Historical landmark irreparably damaged by vandals

Norfolk heritage crime St Benet's Abbey

St Benet's Abbey, in the Broads near Ludham, Norfolk, has been damaged forever after people carved graffiti into the historic limestone gate house - Credit: Archant/Norfolk Archaeological Society

An historical landmark in the Broads has been irreparably damaged by vandals. 

St Benet's Abbey, a medieval monastery established in the 9th century, was defaced with carvings etched into the gatehouse's historic limestone.

The damage comes as Norfolk Archaeological Trust (NAT) has said there has been an increase of heritage crimes at Norfolk's historical sites in the past 12 months.

Graffiti at heritage sites in Norfolk

Graffiti carved into the historic limestone at St Benet's Abbey in the Broads - Credit: Norfolk Archaeological Trust

Natalie Butler, director of NAT said: "Its just devastating to see the damage done to this historic building.

"While the gatehouse has a collection of old carvings from over the years, a lot of new marks have been made last month.

"It seems it was likely done by one group who visited the gatehouse and decided to scrape their names into the limestone, which cannot be removed without further damaging the historic fabric of the building."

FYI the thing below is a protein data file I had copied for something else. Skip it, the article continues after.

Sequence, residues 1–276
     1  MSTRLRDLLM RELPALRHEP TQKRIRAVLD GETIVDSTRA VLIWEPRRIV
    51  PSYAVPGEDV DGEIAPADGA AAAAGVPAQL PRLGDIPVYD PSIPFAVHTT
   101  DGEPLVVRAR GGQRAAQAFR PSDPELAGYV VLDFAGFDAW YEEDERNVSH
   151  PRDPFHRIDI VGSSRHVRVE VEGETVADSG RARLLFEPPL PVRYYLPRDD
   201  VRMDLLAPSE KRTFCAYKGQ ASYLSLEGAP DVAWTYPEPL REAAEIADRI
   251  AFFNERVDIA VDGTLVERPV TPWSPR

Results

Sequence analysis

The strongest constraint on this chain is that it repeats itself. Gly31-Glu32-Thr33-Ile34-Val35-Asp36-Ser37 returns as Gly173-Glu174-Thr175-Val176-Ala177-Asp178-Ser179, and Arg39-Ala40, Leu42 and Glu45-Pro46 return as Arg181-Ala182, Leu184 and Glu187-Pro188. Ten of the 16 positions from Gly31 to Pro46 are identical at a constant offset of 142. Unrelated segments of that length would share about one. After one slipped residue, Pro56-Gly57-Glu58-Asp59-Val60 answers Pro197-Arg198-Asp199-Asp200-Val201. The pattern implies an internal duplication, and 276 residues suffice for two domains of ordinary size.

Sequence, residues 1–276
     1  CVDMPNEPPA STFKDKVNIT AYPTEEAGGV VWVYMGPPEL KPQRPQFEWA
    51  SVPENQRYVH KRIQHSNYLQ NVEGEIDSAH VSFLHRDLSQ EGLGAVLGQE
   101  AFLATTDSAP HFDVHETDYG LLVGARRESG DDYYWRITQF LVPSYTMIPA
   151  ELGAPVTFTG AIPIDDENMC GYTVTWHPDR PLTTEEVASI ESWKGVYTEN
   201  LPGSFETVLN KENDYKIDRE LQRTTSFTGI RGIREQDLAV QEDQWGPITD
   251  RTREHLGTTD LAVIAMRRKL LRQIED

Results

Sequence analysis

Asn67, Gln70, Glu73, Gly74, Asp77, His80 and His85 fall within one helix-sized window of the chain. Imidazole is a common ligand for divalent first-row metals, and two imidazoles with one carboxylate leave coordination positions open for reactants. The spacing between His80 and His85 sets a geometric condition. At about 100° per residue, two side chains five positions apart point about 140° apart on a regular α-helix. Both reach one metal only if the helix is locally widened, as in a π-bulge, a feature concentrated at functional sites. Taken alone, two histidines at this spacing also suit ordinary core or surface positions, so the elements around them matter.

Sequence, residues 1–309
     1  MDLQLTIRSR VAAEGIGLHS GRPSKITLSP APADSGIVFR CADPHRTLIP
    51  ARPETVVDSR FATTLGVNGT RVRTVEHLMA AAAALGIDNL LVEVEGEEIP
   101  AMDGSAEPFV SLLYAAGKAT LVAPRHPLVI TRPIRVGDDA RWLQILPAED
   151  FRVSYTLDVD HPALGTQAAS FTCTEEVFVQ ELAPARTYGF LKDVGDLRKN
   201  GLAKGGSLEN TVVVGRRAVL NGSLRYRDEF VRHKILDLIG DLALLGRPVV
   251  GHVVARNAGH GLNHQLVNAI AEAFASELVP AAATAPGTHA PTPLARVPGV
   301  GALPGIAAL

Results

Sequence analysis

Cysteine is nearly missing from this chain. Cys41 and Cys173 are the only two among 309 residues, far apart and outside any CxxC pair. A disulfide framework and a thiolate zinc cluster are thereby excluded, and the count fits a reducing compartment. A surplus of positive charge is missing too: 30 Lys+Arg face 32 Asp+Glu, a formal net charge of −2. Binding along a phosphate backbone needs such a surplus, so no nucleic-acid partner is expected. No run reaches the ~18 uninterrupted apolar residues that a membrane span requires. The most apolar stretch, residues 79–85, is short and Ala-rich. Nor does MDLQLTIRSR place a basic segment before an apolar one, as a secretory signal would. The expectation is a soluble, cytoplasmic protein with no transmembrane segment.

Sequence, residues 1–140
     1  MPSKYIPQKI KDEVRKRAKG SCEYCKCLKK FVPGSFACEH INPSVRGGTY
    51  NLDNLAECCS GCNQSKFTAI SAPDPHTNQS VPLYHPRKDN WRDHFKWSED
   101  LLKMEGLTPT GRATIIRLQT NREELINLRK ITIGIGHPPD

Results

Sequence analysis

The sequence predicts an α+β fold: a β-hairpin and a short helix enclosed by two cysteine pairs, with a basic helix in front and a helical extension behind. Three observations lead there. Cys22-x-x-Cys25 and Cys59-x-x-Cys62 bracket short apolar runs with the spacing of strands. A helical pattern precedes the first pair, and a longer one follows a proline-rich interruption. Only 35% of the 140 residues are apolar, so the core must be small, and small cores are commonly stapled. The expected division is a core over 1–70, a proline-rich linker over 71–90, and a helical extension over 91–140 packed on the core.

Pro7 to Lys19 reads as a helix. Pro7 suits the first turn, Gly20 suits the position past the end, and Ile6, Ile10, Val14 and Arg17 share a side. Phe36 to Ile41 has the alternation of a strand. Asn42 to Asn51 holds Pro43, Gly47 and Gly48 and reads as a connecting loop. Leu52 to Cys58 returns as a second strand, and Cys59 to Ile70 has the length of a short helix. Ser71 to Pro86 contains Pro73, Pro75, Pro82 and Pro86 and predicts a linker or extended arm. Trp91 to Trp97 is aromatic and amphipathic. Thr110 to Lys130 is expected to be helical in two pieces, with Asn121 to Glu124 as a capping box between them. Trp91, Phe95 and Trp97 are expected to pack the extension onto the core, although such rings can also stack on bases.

Heritage crimes in Norfolk

Another example of graffiti found at St Benet's Abbey - Credit: Norfolk Archaeological Trust

Norfolk Police have said they are continuing to investigate the crime, which is believed to have happened between 1am on September 21 and 11pm on October 8.

Heritage crimes at Norfolk Heritage sites

Carving and graffitiing at heritage sites causes devastating damage to important historic buildings - Credit: Norfolk Archaeological Trust

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On Thursday, anti-vaccine graffiti was also found at the Caistor Roman Town near Norwich.

This graffiti was removed but it shows the extent of the problems faced at heritage sites in the county. 

The Historical Monuments and Archaeological Objects Order (1995) aims to afford protection to  heritage sites from but it seems not everyone is aware of these laws.

A spokesperson for Norfolk Police said: "“We are aware of heritage crimes taking place in Norfolk and always endeavour to investigate as we would any other crime and encourage people to report them to us.

"The nature of many of these places of interest means they can be quite rural and isolated and the crimes are often not spotted when they happen but witnesses and information can be crucial.

"This can include areas not necessarily overlooked by other properties or CCTV which can limit our forensic opportunities."

Ms Butler added: "Crimes like these has a devastating impact on historic sites. 

"It's been a horrendous problem this year costing lots of time and money. with the number of reports are well into double figures. 

"At the beginning of the year we even had a donation pot and contents stolen. As well as graffitiing, we have also seen people using metal-detectors at heritage sites, which is also illegal.

"People need to understand that these places are really special and part of our history. We all need to look after them so they are there for future generations. 

"If you see someone damaging heritage sites or metal detecting, call the police."

Anyone with information concerning St Benet's Abbey can contact PC Darby at Norfolk Constabulary on 101 quoting crime reference 36/82054/21.